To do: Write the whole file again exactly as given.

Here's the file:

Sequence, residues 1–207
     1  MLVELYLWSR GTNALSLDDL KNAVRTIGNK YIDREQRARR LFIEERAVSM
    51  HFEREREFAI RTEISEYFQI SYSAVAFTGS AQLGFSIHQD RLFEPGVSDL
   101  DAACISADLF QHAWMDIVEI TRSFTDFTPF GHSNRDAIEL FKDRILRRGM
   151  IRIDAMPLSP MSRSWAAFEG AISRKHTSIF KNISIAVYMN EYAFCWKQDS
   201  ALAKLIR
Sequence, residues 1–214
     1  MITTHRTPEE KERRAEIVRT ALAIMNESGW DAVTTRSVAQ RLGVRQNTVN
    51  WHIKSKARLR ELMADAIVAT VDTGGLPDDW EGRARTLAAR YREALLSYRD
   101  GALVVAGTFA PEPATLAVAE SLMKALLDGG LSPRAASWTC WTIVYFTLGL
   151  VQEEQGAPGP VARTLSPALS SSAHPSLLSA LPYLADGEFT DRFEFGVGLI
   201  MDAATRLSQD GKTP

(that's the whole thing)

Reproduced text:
Sequence, residues 1–207
     1  MLVELYLWSR GTNALSLDDL KNAVRTIGNK YIDREQRARR LFIEERAVSM
    51  HFEREREFAI RTEISEYFQI SYSAVAFTGS AQLGFSIHQD RLFEPGVSDL
   101  DAACISADLF QHAWMDIVEI TRSFTDFTPF GHSNRDAIEL FKDRILRRGM
   151  IRIDAMPLSP MSRSWAAFEG AISRKHTSIF KNISIAVYMN EYAFCWKQDS
   201  ALAKLIR
Sequence, residues 1–214
     1  MITTHRTPEE KERRAEIVRT ALAIMNESGW DAVTTRSVAQ RLGVRQNTVN
    51  WHIKSKARLR ELMADAIVAT VDTGGLPDDW EGRARTLAAR YREALLSYRD
   101  GALVVAGTFA PEPATLAVAE SLMKALLDGG LSPRAASWTC WTIVYFTLGL
   151  VQEEQGAPGP VARTLSPALS SSAHPSLLSA LPYLADGEFT DRFEFGVGLI
   201  MDAATRLSQD GKTP